• November 1, 2014
November 01, 2014, 2:19:28 AM *
Welcome, Guest. Please login or register.

Login with your Chronicle username and password
News: For all you tweeters, follow The Chronicle on Twitter.
 
Pages: 1 [2] 3 4
  Print  
Author Topic: that half-timer  (Read 12699 times)
oldfullprof
Ridiculous
Distinguished Senior Member
*****
Posts: 11,359

Representation is not reproduction!


« Reply #15 on: April 22, 2012, 11:42:56 AM »

I actually allow people to glide in late on their longboards or whatever.  If someone leaves early, I assume that they had a good reason for doing so. 

One disadvantage we have is that we can't lock classroom doors.  I wish we could in this the age of VA Tech and so on, but we can't.
Logged

Taste o' the Sixties
monsterx
Senior member
****
Posts: 894


« Reply #16 on: April 22, 2012, 2:28:16 PM »

It does happen that certain students are chronically late because they have a previous class which is really far away.  I'm not saying this is a reason for overlooking it, but it does happen. 
Logged
polly_mer
practice makes perfect
Distinguished Senior Member
*****
Posts: 37,443

Have you worked on that project today?


« Reply #17 on: April 22, 2012, 4:21:44 PM »

It does happen that certain students are chronically late because they have a previous class which is really far away.  I'm not saying this is a reason for overlooking it, but it does happen. 

That may be true on some campuses, but that's just not possible on my very small campus.  Even driving from the CC in the next city, a person could get here and find parking in under twenty minutes.  I know because I've done it.
Logged

I've joined a bizarre cult called JordanCanonicalForm's Witnesses.  I have to go from door to door asking people things like, "Good evening, sir!  Do you have a moment to chat about Linear Transformations?"
ptarmigan
grad student & chief dork dumpling
Distinguished Senior Member
*****
Posts: 4,142


« Reply #18 on: April 22, 2012, 5:14:36 PM »

I had a student leave midway through class the other day, then realize he had left his bottle of Coke in the classroom, then come back in and get it and leave immediately again. I still didn't say anything. I am the hugest wimp of classroom management ever.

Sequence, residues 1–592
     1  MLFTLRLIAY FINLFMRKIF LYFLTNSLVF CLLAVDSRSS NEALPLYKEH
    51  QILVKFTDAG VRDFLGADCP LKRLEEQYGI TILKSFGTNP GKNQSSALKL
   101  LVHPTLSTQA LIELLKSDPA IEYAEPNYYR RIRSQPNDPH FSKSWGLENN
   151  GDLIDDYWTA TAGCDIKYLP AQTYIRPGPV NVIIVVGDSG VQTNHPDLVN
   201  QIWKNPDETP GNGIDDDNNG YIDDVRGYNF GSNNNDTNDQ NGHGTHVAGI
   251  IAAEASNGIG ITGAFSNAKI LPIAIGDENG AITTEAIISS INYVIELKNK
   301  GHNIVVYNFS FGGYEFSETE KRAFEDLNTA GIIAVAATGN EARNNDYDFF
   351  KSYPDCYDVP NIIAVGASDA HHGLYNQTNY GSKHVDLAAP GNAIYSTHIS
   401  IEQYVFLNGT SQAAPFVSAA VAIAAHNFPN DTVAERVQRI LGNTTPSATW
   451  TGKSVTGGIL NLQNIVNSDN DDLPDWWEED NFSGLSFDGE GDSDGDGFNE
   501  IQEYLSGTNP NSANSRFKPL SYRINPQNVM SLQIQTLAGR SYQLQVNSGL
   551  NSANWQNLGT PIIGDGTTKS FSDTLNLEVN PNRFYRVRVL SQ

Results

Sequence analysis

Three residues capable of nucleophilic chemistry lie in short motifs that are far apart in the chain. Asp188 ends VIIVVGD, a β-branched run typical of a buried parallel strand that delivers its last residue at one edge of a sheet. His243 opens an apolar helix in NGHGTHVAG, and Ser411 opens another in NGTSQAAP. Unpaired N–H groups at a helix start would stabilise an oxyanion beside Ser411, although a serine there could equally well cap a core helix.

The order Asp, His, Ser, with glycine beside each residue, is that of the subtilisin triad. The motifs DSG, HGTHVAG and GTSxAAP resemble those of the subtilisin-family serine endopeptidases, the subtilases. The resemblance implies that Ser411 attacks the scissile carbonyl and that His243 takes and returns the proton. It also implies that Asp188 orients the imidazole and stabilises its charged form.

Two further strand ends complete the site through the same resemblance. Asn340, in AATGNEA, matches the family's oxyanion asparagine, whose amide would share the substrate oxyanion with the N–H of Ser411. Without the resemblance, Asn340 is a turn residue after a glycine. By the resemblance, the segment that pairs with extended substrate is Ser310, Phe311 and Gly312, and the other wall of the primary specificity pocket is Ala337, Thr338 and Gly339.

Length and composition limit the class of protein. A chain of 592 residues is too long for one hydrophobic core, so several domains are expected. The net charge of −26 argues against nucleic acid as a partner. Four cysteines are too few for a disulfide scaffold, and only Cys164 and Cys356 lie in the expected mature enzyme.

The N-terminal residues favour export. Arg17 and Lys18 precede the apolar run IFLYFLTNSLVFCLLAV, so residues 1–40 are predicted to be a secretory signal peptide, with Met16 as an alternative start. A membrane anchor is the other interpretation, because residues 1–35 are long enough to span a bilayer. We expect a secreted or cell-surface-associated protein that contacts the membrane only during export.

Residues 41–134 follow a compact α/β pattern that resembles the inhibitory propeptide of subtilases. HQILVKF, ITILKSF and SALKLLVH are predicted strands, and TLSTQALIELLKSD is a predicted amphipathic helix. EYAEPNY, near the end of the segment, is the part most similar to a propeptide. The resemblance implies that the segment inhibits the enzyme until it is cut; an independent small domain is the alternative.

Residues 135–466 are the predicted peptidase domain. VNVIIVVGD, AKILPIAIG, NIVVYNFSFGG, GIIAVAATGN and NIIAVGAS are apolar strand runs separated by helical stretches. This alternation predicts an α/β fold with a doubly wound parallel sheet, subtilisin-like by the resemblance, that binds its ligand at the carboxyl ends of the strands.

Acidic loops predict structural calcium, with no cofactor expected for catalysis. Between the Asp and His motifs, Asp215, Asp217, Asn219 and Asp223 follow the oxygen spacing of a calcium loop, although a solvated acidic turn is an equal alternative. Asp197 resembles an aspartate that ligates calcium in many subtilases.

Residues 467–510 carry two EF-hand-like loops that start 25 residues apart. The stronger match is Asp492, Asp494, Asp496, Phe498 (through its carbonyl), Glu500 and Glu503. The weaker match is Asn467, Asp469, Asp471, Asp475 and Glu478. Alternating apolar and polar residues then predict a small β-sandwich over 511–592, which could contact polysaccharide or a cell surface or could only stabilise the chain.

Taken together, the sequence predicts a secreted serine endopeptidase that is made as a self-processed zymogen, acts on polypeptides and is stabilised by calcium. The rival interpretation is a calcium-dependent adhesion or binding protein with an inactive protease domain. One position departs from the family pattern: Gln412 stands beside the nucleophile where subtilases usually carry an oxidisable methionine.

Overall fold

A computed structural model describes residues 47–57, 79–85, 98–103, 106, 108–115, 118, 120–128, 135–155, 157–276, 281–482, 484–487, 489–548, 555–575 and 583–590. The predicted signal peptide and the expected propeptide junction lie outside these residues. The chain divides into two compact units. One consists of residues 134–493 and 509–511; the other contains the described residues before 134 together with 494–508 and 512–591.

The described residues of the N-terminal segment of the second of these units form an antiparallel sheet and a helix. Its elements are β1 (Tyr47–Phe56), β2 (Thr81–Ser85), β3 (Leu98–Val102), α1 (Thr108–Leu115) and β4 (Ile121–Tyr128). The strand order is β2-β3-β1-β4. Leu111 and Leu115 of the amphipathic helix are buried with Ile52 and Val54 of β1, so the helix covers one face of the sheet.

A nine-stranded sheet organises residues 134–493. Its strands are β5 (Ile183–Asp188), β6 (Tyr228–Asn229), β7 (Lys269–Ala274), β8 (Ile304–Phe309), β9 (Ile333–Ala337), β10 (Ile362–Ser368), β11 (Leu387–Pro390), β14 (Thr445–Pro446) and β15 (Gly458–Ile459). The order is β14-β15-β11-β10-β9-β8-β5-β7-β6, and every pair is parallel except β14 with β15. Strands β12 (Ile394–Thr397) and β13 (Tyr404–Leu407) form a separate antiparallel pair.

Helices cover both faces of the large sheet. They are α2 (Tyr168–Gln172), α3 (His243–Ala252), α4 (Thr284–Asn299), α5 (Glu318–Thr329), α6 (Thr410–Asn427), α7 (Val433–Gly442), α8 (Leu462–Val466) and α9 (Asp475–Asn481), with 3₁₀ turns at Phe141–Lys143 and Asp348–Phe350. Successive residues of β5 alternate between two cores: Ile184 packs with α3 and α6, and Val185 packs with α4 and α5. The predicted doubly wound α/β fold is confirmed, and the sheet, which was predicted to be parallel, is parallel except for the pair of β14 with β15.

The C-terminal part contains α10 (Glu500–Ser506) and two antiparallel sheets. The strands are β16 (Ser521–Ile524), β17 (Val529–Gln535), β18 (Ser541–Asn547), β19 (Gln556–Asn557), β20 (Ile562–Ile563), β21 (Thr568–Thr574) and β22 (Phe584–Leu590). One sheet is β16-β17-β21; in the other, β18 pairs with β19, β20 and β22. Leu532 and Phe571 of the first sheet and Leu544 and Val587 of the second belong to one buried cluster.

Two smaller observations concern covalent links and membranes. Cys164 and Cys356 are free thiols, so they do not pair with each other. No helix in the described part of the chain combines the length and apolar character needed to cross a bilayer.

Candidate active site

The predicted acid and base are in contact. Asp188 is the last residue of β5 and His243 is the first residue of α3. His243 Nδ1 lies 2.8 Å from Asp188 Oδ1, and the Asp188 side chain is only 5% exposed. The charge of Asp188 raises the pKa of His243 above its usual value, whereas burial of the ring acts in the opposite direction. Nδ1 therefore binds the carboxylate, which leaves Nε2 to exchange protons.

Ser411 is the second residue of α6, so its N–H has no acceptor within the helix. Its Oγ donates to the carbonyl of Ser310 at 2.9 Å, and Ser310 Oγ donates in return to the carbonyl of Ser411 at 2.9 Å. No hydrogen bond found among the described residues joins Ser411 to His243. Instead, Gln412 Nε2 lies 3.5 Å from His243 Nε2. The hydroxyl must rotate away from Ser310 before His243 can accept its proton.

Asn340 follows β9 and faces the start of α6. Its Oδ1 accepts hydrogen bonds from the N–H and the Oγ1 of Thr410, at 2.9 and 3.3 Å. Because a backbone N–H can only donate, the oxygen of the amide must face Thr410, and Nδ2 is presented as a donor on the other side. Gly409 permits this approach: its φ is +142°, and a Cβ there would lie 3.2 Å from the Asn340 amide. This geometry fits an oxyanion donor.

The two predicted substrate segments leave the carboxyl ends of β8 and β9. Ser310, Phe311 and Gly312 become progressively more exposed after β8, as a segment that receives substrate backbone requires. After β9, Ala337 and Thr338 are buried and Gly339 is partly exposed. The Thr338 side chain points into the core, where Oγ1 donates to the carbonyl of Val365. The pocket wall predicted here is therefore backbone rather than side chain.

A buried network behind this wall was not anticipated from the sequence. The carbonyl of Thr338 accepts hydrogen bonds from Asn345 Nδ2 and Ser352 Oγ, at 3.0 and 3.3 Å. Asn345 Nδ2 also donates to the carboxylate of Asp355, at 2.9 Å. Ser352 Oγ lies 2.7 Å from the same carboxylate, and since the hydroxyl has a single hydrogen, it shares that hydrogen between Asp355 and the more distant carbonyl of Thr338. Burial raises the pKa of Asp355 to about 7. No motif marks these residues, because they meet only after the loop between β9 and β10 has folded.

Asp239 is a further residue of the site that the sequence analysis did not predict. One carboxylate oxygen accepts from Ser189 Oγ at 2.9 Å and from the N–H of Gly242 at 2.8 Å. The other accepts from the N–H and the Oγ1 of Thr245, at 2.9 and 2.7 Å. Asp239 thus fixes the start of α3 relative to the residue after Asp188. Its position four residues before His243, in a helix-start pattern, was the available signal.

Logged

He's on my roster, but if I've taught him anything, it isn't math.
galactic_hedgehog
Procrastinating, Python-quoting, Blue Blazer-drinking, chocolate-chip cookie-eating, Pastafarian, Not So
Distinguished Senior Member
*****
Posts: 19,201

Mind Ninja


WWW
« Reply #19 on: April 22, 2012, 5:21:00 PM »

I had a student leave midway through class the other day, then realize he had left his bottle of Coke in the classroom, then come back in and get it and leave immediately again. I still didn't say anything. I am the hugest wimp of classroom management ever.

Next time that happens, just say, "You know, I already spat in it."
Logged

pgryffindor
Junior member
**
Posts: 73

Why is all the rum gone?


« Reply #20 on: April 22, 2012, 6:14:44 PM »

I had a student leave midway through class the other day, then realize he had left his bottle of Coke in the classroom, then come back in and get it and leave immediately again. I still didn't say anything. I am the hugest wimp of classroom management ever.

Me too. I really need to be tougher. I showed a video in class the other day and the same student got up twice to "use the bathroom" in the middle of it. I was really angry but didn't say a word. Perhaps I should have emailed him after class and spoken to him about it then.

Or, there is the student that arrives late all the time because:

A. "Sorry I was working on a scientific computing project."
B. "Sorry I had to finish up a test."
C. "Sorry I had to go talk to my adviser."

I need a stronger backbone. Not this wiggling pile of jello I currently have. UGGGHHHHHHH.

Thank gosh i will have my first semester under my belt in 2 weeks.
Logged

My Hogwarts letter got lost in the mail.
heynonnynonnymouse
Distinguished Senior Member
*****
Posts: 1,185


« Reply #21 on: April 22, 2012, 6:35:32 PM »

It does happen that certain students are chronically late because they have a previous class which is really far away.  I'm not saying this is a reason for overlooking it, but it does happen. 

When my students give me that excuse, unless they are first semester freshmen (and generally our advising staff doesn't do this to first semester students, either), I tell them it's their responsibility to schedule classes in walkable distance from one another in the 15 minute "passing" period. It's part of my "first day speech" - I ask them to talk to me about it if they think there's any chance of "regular" lateness, and I advise them to find another section of my class. As there are 20+ every semester (sections of the course I teach, that is) they should have no problem.
Logged
polly_mer
practice makes perfect
Distinguished Senior Member
*****
Posts: 37,443

Have you worked on that project today?


« Reply #22 on: April 23, 2012, 8:02:50 AM »

I had a student leave midway through class the other day, then realize he had left his bottle of Coke in the classroom, then come back in and get it and leave immediately again. I still didn't say anything. I am the hugest wimp of classroom management ever.

Me too. I really need to be tougher. I showed a video in class the other day and the same student got up twice to "use the bathroom" in the middle of it. I was really angry but didn't say a word. Perhaps I should have emailed him after class and spoken to him about it then.

I might let the first one go, but I would follow that student out of the classroom for the second trip.

"Stu Dent, do not come back into the classroom until the end of class.  You're disrupting other people's education.  Take care of whatever you need to do and come back at <time> when you won't be disruptive."
Logged